Authors: Patricia Hagan
who was with me through it all…
and lives forever in my heart
Late summer, 1917
Misty lavender fingers of dawn crept stealthily upward from the dusky horizon, gently brushing away the last vestiges of darkness in preparation for the birth of a new day. Gently sloping pastureland, quiet shadows of night dredges, disappeared into the jutted ledges and beyond to the sleepy Mediterranean waters, a murky purple ribbon to the distant horizon.
The opulent Coltrane Casita, reminiscent of the era of El Cid, stood as regal lord, of all, as though nature were merely its serfage.
Within the house, Colt Coltrane awoke with a start. He sat up in bed, groggily tried to fathom what had jolted him from such a sound sleep.
Then it came to him.
This was his son’s wedding day.
He felt no particular elation, and chided himself for that. He knew he couldn’t ask for a finer daughter-in-law than Valerie. And there was no doubt in his mind that she loved Travis to a fault. After all, she had waited four years for him to graduate from the military academy at West Point, which had to have been hard on them both. They’d seen each other maybe half a dozen times during that period, because Valerie had been living in Spain with Kit and Kurt.
Valerie was a pretty girl, Colt mused, intelligent, charming. He had nothing against her personally and reminded himself once again that she couldn’t help her family background.
With a deep sigh of resignation, he got out of bed and crossed the pink marble floors to the balcony. He could see the vaqueros as they began their morning chores, tending the cattle and horses.
He yawned, stretched, drank in the sweetness of the jasmine and roses in the garden below. Once again he thought how glad he was he’d kept the ranch during those years he and Jade had roamed the world in search of peace, because when they realized they wanted to return to Valencia and settle down near their grandchildren, it was all there waiting for them.
He laughed softly. Yes, he
a grandfather, all right, and proud of it and them.
Kit and Kurt had named their little boy after Kurt’s father, Joseph. But little Joe, at three years, was a Coltrane through and through. No doubt about that. And little Natasia, two years old now, was named for Jade’s mother but was the image of her grandmother, blessed with those same, awesomely beautiful eyes, a radiant shade of green that could only be described as jade.
Thoughtfully, he turned to look back inside the bedroom, where his wife lay sleeping on the strawberry satin sheets.
She was still the most beautiful woman he’d ever met, and he loved her as much as, if not more than, when he had asked her to be his wife, twenty-four years ago.
Colt went to her now, to lie down beside her and gather her in his arms. And with merely the gentle brush of his lips against hers, she was coaxed easily from sleep and eagerly on to the passion that always left them shaken and awed with wonder.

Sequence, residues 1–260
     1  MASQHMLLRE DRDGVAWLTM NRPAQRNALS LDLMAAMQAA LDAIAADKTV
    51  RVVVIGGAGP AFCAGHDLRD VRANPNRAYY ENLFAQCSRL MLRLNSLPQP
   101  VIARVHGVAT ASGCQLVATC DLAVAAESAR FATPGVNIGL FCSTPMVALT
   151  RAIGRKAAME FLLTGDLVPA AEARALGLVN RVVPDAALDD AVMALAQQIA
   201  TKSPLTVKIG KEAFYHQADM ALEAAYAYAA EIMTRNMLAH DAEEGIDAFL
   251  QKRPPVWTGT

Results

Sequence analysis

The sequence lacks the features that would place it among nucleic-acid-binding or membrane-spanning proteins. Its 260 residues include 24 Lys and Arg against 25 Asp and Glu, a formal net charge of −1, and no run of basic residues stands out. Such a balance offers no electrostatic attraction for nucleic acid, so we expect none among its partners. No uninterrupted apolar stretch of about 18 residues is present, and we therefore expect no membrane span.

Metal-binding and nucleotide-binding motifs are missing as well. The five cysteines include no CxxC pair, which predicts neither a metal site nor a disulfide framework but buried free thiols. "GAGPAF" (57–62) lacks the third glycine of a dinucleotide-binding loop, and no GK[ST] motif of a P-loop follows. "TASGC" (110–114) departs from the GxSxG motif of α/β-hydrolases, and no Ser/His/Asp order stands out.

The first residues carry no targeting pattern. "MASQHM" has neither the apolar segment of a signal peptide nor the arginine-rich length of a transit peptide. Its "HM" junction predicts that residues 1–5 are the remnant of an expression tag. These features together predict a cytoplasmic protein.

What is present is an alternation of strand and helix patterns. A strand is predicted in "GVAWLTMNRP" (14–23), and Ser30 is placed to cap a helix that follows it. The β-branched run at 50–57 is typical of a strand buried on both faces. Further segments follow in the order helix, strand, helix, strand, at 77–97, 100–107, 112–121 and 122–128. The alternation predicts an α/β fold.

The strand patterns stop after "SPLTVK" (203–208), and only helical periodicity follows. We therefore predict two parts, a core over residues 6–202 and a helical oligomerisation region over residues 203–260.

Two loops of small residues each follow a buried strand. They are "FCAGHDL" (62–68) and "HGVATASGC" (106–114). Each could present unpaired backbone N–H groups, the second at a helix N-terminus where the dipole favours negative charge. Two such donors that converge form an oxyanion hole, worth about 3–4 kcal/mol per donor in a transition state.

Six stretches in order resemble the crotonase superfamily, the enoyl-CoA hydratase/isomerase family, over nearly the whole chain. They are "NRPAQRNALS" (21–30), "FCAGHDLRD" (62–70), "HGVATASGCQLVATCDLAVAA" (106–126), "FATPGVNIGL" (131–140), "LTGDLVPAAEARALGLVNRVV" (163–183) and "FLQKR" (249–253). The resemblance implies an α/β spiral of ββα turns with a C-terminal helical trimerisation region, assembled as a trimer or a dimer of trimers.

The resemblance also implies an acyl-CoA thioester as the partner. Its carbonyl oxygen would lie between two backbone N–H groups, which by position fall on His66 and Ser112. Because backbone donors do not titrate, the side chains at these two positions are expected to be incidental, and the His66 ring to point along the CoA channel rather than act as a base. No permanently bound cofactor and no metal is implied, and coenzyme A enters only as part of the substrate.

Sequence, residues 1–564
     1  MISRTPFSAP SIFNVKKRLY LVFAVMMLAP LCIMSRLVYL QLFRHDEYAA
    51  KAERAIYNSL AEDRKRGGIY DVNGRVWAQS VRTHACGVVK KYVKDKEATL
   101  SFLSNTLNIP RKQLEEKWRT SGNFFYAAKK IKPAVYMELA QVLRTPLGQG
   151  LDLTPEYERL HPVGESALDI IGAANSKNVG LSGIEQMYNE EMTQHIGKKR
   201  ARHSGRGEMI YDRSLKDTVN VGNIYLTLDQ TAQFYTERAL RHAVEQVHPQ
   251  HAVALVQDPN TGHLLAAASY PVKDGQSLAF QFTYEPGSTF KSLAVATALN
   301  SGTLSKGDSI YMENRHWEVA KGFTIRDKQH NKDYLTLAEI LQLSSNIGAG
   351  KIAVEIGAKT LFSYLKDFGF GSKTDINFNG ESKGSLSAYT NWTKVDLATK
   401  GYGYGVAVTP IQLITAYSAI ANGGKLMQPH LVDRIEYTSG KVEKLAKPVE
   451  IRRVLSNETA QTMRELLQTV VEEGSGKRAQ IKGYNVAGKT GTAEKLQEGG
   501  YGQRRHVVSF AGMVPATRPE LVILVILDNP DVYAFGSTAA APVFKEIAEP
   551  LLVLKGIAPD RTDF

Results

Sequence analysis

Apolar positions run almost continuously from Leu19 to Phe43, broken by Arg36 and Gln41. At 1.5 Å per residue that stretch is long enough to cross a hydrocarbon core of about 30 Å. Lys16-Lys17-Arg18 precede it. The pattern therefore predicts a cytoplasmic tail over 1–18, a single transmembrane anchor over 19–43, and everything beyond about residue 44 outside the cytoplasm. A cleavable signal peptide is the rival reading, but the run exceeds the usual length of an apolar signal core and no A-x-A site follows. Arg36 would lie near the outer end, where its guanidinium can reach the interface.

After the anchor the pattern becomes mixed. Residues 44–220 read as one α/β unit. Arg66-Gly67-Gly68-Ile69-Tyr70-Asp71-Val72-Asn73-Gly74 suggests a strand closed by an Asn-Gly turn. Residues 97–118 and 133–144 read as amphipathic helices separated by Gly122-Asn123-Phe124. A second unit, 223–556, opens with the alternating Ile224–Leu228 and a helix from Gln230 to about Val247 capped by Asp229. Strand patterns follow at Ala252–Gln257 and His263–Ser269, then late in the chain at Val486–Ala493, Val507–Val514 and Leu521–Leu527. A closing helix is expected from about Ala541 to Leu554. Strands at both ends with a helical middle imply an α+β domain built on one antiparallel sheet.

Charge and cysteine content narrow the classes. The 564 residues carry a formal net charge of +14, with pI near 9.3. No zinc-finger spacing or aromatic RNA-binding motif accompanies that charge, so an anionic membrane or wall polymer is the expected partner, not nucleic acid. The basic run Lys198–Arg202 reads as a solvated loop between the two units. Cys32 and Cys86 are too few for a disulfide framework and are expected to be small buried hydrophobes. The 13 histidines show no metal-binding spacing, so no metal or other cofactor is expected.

Afterward, their naked bodies entwined, she was strangely quiet, and Colt could sense her tension, suspected the reason. He waited a few moments, then gently asked, “Do you want to talk about it?”
She sighed, rolled away from him and onto her back. Dully, she replied, “Would it help if I did?”
“Probably not. We’ve had over four years to talk about it. What’s to say, anyway? She’s going to make him a good wife. He loves her. She can’t help it if her father is a son of a bitch who nearly destroyed us once. That was a long time ago, and we’ve got to stop thinking about it. Besides, he’s disowned her, and it’s not likely any of us will ever hear from him again.”
“Maybe he’s dead by now.” She felt no guilt in hoping he was…even though she knew he wasn’t.
Colt didn’t comment, was not about to tell her that he knew Bryan Stevens was very much alive, that he’d had the Pinkerton Agency on retainer to keep him informed of the bastard’s activities. Stevens was living the life of a recluse on the island near Bermuda he’d named “Isle of Jade”, back when he’d so cunningly convinced Jade
was dead, manipulating her into marrying him, nearly twenty-two years ago. Valerie’s mother, Lita, had died the year before, and Stevens had not sent word to Valerie. When he had disowned her for running away from a prearranged marriage to wait for Travis, he had obviously put her out of his mind and heart forever, even though he knew where she was and how to reach her.
“Instead of brooding about the past, I should be giving thanks you were able to use your influence to keep Travis from being sent to the front,” Jade said. “It’s a miracle he wasn’t sent over with the first soldiers to France in June.”
Colt turned away. He couldn’t tell her that their son wanted to do his duty and fight for his country. So, after a brief honeymoon, he
going to the front. Valerie knew, of course, and agreed that Jade should not be burdened with the news till absolutely necessary.
He reached for his robe, then walked over to the velvet cord that would bring Carasia with morning coffee. Reminding Jade that the wedding breakfast was at ten, he headed for the bathroom to get ready.
There was much he was having to keep from Jade these days. Damn, he dreaded the time when he would have to tell her
was going into the war, too—not in the infantry but to the diplomatic corps.
Jade was not going to react well to both the men in her life going off to war. She was already distressed over the trouble in her native Russia, where a revolution had led to the abdication of her distant cousin, Czar Nicholas, and the disappearance of their close friend, Drakar, who had also been the husband of Colt’s deceased half sister, Dani.
So, no matter how deceitful it might be, Colt wanted to delay giving her further cause for anxiety.
Jade did not move, merely stared up at the ceiling, lost in painful ghosts of the past. Colt did not know she’d had detectives make sure she received periodic reports of Bryan’s activities. It had been horrifying to learn he was alive four years ago, after thinking him lost at sea all that time, and added to the nightmare then was the ghastly possibility her son might be in love with his half sister. She had been tortured by that fear for years and, seeing no other way, had confided her past to Valerie, how there was a chance Bryan could have fathered the twins, Travis and Kit, because the night he had kidnapped her, attempting to prevent her reunion with Colt, he had raped her.